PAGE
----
It is important to get adequate amounts of protein daily. The average adult needs about 0.8 grams of protein per kilogram of body weight. One kilogram equals 2.2 pounds, so if you weigh 170 pounds that would mean that you need about 62 grams of protein.

Foods that are rich in protein include chicken, fish, turkey, eggs, cheese, yogurt, tofu, edamame, legumes, nuts, seeds, and nut butters, to name a few.


Exercise has so many health benefits including improving insulin sensitivity, which can improve glucose control. It is important for people with diabetes, especially those taking glucose-lowering medications such as insulin, to test blood sugar often to prevent hypoglycemia.


There are many treatment options for hair loss. However, if you have significant hair loss, it may take time to grow back. In this case, your dermatologist may recommend that you purchase a wig for the time being.

Wigs or hair replacement may be an option to consider, especially if your hair loss has impacted your daily life and affected your self-esteem. Some dermatologists may recommend a hair prosthesis, a wig that is custom made to ensure a perfect fit. There are many options to choose from.

If you are experiencing hair loss on other parts of your body, you would benefit from meeting with a board-certified dermatologist to develop a plan. They must see you so that you can understand the best remedy.

For example, if you lose hair in your nose, they may recommend applying an antibiotic ointment to your nose to protect you from foreign particles, such as dust, germs, and small airborne particles.

If your hair loss is related to stress, it is important to figure out how to manage your stress. Consider reaching out to a mental health professional.

You may also participate in mindfulness activities, such as deep breathing, yoga, or meditation. Journaling, writing down your feelings, walking, exercising, and listening to music are other types of stress-relieving activities.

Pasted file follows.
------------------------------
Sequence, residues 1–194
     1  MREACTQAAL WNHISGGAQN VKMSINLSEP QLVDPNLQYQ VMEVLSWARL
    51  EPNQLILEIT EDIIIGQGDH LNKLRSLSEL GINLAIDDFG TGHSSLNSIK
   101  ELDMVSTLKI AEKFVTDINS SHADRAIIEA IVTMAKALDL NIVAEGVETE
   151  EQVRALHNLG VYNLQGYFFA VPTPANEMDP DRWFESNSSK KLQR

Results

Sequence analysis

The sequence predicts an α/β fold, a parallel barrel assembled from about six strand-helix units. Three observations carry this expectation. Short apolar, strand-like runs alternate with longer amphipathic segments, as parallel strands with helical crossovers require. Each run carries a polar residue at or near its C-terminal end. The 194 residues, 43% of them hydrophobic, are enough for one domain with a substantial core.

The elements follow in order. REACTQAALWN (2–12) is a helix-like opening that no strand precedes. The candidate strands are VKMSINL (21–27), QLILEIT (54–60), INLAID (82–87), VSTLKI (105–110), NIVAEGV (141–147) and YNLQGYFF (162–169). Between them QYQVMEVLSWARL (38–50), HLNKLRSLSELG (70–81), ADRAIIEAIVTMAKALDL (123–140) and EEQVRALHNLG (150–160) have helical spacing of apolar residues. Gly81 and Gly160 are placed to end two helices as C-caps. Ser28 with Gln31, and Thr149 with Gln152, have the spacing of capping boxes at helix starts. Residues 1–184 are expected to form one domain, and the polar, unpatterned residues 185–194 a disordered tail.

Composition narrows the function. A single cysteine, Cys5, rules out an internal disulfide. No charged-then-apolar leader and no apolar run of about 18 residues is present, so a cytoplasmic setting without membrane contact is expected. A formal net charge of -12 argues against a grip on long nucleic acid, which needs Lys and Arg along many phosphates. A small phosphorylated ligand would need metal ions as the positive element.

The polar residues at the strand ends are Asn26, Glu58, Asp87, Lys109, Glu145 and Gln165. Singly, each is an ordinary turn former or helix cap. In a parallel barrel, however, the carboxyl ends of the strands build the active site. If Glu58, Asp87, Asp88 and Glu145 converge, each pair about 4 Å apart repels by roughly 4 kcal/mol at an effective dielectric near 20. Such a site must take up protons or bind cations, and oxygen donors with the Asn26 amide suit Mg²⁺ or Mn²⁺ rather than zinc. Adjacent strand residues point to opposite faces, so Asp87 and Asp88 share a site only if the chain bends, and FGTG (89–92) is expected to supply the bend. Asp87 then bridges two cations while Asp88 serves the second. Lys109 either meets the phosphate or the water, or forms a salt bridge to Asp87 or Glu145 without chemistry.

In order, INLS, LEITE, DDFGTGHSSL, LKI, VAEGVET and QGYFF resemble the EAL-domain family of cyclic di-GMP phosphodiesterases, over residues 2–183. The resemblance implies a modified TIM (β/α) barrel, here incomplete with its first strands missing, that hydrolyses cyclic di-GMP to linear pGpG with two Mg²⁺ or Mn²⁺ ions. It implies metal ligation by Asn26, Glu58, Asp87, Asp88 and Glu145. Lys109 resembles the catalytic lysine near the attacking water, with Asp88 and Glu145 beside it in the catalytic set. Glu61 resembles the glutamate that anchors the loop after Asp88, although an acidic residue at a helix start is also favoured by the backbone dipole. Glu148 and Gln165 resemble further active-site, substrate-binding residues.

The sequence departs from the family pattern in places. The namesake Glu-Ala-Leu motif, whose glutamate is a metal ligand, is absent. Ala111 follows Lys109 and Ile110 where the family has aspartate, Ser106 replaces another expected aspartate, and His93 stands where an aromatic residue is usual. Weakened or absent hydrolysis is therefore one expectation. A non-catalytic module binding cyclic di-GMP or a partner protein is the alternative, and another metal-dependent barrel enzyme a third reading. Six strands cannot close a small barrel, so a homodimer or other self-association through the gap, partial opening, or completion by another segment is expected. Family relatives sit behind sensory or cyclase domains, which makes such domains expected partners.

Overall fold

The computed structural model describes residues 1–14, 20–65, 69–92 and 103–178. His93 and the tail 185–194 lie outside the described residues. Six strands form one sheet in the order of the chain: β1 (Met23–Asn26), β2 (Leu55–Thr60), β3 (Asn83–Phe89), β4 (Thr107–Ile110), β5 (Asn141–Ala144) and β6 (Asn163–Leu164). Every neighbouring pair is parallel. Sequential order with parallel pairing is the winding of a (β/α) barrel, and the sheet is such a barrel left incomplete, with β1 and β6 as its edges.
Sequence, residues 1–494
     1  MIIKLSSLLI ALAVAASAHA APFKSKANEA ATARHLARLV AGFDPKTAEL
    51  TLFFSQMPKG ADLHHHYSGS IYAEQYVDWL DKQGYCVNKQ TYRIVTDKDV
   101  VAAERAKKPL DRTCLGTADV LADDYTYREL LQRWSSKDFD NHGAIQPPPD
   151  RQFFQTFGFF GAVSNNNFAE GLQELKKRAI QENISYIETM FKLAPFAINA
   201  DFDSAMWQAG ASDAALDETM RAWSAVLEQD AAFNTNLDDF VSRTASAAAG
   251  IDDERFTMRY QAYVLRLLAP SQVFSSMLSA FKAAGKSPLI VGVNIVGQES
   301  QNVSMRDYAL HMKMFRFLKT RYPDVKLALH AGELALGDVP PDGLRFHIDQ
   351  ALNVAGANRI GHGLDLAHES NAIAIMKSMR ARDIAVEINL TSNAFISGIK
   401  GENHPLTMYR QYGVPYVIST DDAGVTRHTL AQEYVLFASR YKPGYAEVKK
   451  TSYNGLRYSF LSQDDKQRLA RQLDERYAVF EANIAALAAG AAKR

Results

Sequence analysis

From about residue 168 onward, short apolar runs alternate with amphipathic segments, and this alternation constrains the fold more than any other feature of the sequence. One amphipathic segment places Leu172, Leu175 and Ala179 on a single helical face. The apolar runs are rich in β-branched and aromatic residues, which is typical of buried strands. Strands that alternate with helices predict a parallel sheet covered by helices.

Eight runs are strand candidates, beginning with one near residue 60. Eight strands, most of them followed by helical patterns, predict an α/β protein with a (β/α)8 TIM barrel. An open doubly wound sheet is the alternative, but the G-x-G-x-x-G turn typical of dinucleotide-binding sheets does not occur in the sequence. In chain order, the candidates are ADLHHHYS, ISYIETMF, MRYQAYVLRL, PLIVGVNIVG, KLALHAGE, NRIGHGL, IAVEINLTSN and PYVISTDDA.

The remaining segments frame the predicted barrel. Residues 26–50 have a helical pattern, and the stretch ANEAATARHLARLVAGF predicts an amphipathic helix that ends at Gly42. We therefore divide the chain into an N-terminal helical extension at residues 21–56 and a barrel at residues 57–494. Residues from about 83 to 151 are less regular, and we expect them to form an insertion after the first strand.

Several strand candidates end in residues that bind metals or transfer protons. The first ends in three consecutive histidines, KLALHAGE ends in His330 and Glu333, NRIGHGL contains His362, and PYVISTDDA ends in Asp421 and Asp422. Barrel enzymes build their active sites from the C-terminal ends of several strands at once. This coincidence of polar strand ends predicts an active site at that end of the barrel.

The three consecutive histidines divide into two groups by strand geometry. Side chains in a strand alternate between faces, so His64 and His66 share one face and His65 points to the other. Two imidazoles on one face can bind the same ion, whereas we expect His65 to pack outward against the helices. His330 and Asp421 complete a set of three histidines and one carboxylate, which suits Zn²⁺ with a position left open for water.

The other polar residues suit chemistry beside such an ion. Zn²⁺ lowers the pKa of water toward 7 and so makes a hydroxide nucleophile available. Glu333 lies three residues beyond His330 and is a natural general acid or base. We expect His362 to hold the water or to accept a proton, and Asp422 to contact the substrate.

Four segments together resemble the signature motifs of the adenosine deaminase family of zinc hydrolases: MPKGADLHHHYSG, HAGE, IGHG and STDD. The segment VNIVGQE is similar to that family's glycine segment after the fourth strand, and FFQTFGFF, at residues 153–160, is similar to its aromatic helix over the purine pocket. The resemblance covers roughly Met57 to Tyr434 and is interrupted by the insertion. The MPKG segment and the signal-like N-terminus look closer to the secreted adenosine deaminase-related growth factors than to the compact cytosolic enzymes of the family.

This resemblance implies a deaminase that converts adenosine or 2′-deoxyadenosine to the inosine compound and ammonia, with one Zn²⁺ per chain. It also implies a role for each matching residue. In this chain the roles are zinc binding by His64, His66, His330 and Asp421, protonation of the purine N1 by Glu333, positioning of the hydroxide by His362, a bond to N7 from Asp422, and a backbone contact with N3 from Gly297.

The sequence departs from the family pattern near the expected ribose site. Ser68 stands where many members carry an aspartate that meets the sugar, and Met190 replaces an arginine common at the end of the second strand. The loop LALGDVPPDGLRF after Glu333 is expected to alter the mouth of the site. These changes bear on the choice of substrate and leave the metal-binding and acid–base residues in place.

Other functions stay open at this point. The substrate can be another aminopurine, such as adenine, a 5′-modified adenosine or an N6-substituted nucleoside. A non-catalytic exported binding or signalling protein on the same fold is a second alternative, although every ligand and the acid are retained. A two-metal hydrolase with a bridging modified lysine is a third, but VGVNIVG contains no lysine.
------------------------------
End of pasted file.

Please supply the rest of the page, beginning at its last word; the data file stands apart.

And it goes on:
Connecting with others who are experiencing the same thing you are is another important way to boost self-esteem and prevent loneliness.

The American Academy of Dermatology recommends connecting with someone from the National Alopecia Areata Foundation. If this is not the type of hair loss you are experiencing, you can ask your dermatologist for another appropriate foundation. 

A Word From Verywell

Dealing with diabetes requires daily self-management and can get tiring. Adding hair loss to your diagnosis may feel overwhelming, but be assured, there are ways to slow down hair loss, prevent it, and stimulate hair growth.

If you are having trouble managing your diabetes and keeping your blood sugars within the normal range, consider meeting with a registered dietitian or certified diabetes care and education specialist. These professionals can provide you with education and help you overcome barriers.

A few dietary, exercise, and behavior changes, such as moving more, can go a long way to improving blood glucose control and optimizing nutrient needs. People with diabetes who maintain good blood glucose control can protect themselves from diabetes complications and can live a full, healthy, and energized life.

Certain nutrients may help with hair loss and hair regrowth. If you have an actual deficiency in one of these nutrients, supplementing may be necessary. However, most of the time, simply adding more foods rich in these nutrients can be beneficial, possibly for hair, but also for overall health.

If you feel like your hair loss has happened suddenly or excessively and you are not sure why, you may need to meet with a dermatologist specializing in hair loss. Once they figure out the reason for the hair loss, they can tailor a treatment plan to suit your needs.

Most of the time, there are remedies. It may just take some time to figure out. Remember that you are not alone.

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19 Sources